For the finance industry, things are indeed becoming more and more difficult. Some would say it is going about things differently, but it appears that the harmonious period of continuous profits has ended. Low-interest rates and additional capital requirements have destroyed the exceptional profitability of local and international banks. Aside from these two culprits, there is another imminent menace that is slowly creeping up in the distance.
Accenture released their most current fintech report last year, and from $4 billion last year, the fintech industry had drawn $12 billion in venture capital investment. Today, these cashed-up companies are focused on radically transforming a sector that has been plagued by high costs and complacency. Goldman Sachs has predicted that the fintech industry could possibly lure $4.7 trillion in revenue as well as $470 billion in profit, taken directly from the industry’s occupants.
Since 2014, the slow deterioration of the consumer’s trust in conventional money makers, and how new technology firms are giving financial services, fintech venture investments have grown by three times.
NAB is the very first, out of the four major banks, to invent a robo-adviser service that gives distinctive advice on insurance and super. It is rivaled by Stockspot, a paperless automated fund manager and investment adviser, created by Chris Brycki, a previous UBS portfolio manager. Stockspot uses algorithms to calculate risks, then designates investors into inexpensive exchange traded funds at a very low-priced amount compared to managed funds.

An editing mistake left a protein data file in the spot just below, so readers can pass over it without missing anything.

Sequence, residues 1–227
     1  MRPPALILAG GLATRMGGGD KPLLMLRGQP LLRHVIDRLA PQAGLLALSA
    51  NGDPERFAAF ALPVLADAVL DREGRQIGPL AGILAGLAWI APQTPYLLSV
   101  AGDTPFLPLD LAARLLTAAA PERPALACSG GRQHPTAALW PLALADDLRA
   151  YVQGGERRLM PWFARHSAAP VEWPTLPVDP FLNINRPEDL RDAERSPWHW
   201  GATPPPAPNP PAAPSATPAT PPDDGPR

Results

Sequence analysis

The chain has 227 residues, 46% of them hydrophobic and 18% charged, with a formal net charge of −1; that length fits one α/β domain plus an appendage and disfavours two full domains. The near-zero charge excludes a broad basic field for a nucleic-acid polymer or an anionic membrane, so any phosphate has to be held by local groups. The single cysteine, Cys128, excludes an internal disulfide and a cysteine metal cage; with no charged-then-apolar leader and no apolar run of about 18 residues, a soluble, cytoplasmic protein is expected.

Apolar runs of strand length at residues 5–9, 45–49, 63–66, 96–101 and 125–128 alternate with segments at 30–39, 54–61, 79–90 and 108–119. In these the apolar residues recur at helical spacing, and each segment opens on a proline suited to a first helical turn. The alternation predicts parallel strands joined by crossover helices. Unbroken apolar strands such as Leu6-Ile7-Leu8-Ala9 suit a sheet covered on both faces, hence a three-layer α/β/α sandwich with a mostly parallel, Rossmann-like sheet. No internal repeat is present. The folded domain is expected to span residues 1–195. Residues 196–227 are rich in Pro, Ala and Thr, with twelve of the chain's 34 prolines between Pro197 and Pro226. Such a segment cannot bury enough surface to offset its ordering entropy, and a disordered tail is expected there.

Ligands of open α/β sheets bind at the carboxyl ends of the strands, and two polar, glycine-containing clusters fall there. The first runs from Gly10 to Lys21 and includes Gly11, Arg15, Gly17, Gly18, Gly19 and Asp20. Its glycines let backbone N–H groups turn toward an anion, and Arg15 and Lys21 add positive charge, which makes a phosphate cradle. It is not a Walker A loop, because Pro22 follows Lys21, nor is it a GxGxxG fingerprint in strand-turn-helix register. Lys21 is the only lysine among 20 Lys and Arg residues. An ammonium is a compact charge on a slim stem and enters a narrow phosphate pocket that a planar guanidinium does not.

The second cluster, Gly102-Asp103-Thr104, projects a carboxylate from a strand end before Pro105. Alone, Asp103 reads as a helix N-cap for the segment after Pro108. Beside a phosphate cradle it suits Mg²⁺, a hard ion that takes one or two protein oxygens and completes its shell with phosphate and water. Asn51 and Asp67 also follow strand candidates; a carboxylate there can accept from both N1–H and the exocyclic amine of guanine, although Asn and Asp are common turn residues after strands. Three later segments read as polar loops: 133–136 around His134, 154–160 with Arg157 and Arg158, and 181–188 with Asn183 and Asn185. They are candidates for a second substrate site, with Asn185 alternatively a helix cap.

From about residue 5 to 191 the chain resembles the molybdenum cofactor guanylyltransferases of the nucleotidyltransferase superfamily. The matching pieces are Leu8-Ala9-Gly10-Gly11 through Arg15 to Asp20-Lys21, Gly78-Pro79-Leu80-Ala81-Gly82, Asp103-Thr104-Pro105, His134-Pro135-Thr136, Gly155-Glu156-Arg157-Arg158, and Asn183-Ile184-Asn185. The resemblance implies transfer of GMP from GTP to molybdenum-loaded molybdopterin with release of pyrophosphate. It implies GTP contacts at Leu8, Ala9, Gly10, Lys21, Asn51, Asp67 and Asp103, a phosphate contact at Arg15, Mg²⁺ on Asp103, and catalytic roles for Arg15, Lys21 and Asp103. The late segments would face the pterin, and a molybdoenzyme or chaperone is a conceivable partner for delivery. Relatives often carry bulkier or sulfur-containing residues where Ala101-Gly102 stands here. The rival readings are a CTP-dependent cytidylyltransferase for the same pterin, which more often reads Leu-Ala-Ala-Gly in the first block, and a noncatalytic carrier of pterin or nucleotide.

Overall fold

The government is also joining the bandwagon. With the help of Capgemini, a consulting firm, NSW Self Insurance Corporation has triumphantly utilized a cloud-based system. NSW Self Insurance Corporation is the department that issues NSW homeowners their home warranty protection. Senior Vice-President of Capgemini, Manoj Khera, said that they have received positive feedback from the customers, and that the program has given the company a boost in earnings while at the same time providing the customers a competent alternative.
According to Thierry Delaporte, chief executive of Capgemini in global financial services, disruption is a double-edged sword for the financial services sector. It may pose as a threat to their business models, but it also presents them a chance to profit on their reformist innovation. The banking sector’s misery is the triumph of the IT industry. Delaporte added that during these times when growth is deficient, technologies like robotics, cloud-based computing and the blockchain have given the financial companies brand new alternatives. In some scenarios, the foreboding of disruption has lured a flood of investment from traditional fintech contenders. It has also persuaded some banks to develop their individual contending digital entities to compete with their revolters.